Could I find a number to call to speak to a human. Oh no. There simply isn't one. There are helpline numbers, but all you get are endless automated IVR services. There is no way to speak to a human to explain my problem with their frustrating nonsense system. Don't you just love screaming profanities at IVR systems! By the way, did you know that these are recorded. I know of a company who offers a service to analyse customer experiences by listening to such recordings. Evidently EE don't use them. Or maybe they do, just that this outfit can't speak to anyone there about the results.

So I downloaded  the EE app in the hope that having tried every other way to give them money, this might work. The app recognised everything, went online, and then said 'You can't top up because there's no money in your account'. Huh?! I'm already bald, but if I hadn't been, clumps of my hair would have surrounded my chair by now. No clues in the app either as to how I can contact anyone to get out of this impossible loop... You can't add money until you add money.

Imagine my frustration. Having at last found a network operator who knew how to make my phone work, I couldn't use them because the idiots won't let me pay! DO NOT buy shares in EE.

Finally I went into an EE shop. The weary looking chap there took my phone and asked if it was an EE SIM. I said yes and he said "We don't do top ups for EE SIMs here". WHAT! The shop was plastered with EE logos. It was painted pale green - the EE colours. He and his gonky assistant were wearing EE branded shirts. "It's new and we can't do it yet. If you were with Orange or T-Mobile, no problem. Here's a number to call. They might be able to help". "A human?" I asked, timidly. "If you can find the route through the IVR, it might be possible", he suggested.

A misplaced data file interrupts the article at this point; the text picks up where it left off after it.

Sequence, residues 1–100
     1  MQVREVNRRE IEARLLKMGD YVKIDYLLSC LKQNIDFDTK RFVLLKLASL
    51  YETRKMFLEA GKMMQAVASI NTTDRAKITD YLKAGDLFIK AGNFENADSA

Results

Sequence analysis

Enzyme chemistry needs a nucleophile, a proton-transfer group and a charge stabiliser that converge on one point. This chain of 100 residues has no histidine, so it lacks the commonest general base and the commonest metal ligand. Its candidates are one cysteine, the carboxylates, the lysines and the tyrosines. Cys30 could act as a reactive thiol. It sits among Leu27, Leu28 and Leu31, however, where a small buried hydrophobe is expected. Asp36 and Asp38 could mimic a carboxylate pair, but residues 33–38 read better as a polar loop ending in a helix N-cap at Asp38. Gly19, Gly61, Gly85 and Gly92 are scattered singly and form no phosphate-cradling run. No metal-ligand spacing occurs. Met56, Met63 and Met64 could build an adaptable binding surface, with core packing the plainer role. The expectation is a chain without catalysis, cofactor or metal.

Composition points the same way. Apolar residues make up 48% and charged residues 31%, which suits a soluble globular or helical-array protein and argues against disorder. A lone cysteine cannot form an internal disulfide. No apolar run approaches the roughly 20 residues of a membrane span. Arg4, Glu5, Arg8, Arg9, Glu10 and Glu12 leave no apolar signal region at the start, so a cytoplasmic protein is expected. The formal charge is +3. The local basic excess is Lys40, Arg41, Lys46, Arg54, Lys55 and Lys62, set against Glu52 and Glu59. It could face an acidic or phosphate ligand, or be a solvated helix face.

My legendary patience was once again being tested to its extreme. So having put the Vodafone SIM back in the phone (fiddly business with tiny little bits of plastic), I called the number. On the third experiment with an IVR 'press 1 for...' combination, I finally, oh yes, spoke to a human! Inevitably he was at an Indian call centre. To be honest, I was relieved. I've always found the chaps at Indian call centres to be vastly more competent and intelligent than many local call centres. I guess you need PhDs and the like to stand a chance of working in one there. Good luck to them all, I say. Anyway, the chap explained that there is a glitch in their idiot system which means I need to register my card with them manually first before I can use it... and that there's no way of doing this other than by calling him... who is INCREDIBLY difficult to find. The number I had been given in the shop was written on a scrap of paper - not even printed for other poor souls like me - and was not an 08-style call centre number. If you need it, it's +44 (0)1707 315000. Gold-dust info from Grombler. Just Google 'Amazed EE are still trading' and you'll find my blog again should you need it.

So Everything Everywhere evidently doesn't include paying, speaking to humans, or buying their products from their shops. But it does finally mean that I can type this on my phone on a train. #gettingthere #sigh.